How To Deal With Older Children's Bad Decisions (Without Pushing Them Away)

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You need a plan with teens and adult kids. Trust me.

Slim, pretty, equipped with her Prada bag, my son's girlfriend was in my home for a grand total of twenty-four hours. Shortly before the day ended, she informed my son she did not feel "comfortable" in my house.

You don’t need the whole back-story but, bottom line, it gave me that feeling in the pit of my stomach that I rarely experience as a mature adult, the one you have just before you throw up or pass out.

I was terrified by recent research suggesting mothers are more likely to be estranged from their children than fathers and that it is more common than you think. One in 10 families studied had an estranged child. Another study concluded that feeling like a parent is constantly about to reject you for your choices creates enough emotional turmoil to threaten the relationship.


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For years I’ve been listening to people talk about similar issues with their grown children. With a little distance, I started considering what sage advice I might offer. What are the secrets to coping with this potentially devastating situation?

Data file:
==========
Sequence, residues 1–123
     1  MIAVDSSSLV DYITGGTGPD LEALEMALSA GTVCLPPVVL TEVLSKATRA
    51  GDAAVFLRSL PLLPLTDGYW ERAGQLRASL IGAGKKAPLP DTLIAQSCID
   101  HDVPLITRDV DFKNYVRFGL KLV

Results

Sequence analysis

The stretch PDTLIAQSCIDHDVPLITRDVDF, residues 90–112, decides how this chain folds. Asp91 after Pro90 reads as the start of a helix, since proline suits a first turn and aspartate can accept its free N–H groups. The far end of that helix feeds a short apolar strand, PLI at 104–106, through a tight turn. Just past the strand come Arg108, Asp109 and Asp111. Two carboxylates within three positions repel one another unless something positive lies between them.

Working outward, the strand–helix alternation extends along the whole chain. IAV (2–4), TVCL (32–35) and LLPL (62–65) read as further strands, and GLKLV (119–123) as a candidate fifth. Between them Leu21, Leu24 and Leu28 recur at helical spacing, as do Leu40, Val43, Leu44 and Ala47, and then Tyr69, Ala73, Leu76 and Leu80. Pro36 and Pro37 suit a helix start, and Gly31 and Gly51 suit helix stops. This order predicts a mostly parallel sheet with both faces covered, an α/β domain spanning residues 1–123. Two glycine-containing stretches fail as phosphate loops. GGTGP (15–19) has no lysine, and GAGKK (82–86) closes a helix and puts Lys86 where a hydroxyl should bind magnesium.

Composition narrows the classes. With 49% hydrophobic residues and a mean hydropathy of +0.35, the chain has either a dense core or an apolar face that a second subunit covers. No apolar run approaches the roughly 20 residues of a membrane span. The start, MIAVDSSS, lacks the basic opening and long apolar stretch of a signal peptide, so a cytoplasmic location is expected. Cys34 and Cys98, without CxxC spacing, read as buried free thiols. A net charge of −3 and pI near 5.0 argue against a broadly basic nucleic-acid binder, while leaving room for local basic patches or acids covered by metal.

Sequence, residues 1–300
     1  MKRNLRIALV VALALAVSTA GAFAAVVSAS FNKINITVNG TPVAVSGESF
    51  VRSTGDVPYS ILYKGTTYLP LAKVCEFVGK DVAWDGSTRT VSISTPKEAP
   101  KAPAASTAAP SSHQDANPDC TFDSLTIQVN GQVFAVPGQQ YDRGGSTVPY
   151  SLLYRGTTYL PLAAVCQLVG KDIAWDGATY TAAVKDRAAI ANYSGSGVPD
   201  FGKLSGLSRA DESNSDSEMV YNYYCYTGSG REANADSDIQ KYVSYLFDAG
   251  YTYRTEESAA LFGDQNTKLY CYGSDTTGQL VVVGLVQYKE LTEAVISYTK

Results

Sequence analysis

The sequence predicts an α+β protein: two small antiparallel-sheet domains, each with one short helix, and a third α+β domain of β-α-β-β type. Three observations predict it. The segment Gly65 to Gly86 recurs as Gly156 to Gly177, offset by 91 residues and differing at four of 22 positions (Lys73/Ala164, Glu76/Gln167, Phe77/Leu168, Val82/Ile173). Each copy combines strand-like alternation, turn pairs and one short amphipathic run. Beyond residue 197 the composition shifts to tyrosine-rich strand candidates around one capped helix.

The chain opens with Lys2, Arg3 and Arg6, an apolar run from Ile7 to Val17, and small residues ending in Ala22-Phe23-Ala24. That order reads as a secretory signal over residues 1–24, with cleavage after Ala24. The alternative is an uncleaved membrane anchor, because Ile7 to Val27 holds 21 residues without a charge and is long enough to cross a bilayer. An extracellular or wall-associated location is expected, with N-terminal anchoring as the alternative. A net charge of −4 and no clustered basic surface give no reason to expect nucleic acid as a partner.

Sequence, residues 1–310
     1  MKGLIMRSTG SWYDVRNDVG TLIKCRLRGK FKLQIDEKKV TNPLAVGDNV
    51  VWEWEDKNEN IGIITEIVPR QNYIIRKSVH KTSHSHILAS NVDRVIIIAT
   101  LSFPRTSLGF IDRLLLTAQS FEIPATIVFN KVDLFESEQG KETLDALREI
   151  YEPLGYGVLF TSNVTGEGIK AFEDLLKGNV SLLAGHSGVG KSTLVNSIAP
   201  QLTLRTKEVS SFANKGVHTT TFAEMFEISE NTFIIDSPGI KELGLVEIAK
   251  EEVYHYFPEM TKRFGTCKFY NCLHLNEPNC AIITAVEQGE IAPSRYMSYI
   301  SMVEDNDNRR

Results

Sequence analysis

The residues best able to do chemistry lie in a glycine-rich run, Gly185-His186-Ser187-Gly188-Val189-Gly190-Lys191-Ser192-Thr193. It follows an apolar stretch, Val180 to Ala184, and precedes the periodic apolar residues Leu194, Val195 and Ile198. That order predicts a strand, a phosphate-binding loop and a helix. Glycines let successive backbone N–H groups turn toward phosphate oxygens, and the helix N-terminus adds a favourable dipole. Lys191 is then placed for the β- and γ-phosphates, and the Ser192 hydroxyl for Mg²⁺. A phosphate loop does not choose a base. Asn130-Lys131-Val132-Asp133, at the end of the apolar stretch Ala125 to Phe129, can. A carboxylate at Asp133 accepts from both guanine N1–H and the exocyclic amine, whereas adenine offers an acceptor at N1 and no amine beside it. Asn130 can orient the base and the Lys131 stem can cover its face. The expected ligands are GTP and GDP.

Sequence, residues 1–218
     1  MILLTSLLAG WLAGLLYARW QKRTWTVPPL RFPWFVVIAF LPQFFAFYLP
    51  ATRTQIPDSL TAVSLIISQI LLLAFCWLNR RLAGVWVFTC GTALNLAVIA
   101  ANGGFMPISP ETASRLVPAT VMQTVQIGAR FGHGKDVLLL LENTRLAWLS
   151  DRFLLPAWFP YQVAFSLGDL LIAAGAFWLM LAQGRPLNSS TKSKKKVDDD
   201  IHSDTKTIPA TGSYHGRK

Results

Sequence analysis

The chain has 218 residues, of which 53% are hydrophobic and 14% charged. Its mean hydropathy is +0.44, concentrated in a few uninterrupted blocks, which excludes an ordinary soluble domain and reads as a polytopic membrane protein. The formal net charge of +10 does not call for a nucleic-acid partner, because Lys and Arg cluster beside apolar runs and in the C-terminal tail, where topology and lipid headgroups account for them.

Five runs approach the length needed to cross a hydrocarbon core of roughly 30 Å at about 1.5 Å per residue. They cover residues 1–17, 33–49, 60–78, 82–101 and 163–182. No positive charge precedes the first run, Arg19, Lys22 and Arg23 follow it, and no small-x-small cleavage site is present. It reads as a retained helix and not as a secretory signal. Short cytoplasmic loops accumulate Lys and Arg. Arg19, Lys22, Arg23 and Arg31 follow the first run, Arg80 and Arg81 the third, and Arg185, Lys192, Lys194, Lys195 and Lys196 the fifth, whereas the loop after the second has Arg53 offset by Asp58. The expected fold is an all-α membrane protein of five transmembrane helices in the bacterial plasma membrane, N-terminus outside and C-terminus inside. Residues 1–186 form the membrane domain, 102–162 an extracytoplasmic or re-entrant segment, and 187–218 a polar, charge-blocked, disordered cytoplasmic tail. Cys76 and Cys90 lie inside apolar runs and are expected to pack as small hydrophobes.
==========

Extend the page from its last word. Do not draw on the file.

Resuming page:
Even with kids like my son, who generally make good decisions, there will be choices with which we disagree. Sometimes even those we think are terrible.

The trick is to figure out effective ways to make it manageable.

Here are some suggestions for being parental, without being rejecting or hypercritical:

1. Hands off affairs of the heart.

On the face of it, Prada-girl seemed nice enough. Not who I would have chosen but, hey, I didn’t have to spend that much time with her (bit of an understatement there).

Earlier, I'd tried to help my son deal with Ms. Prada's escalating demands for his attention. Even though he was working, she would require immediate responses to her texts and calls. When her demands were not met she would become angry and withdraw, then return only to repeat the pattern. I'd explained how she might be feeling insecure with him halfway across the country, right near the beach in summer. I thought that in her mind she saw her bikini-clad replacement.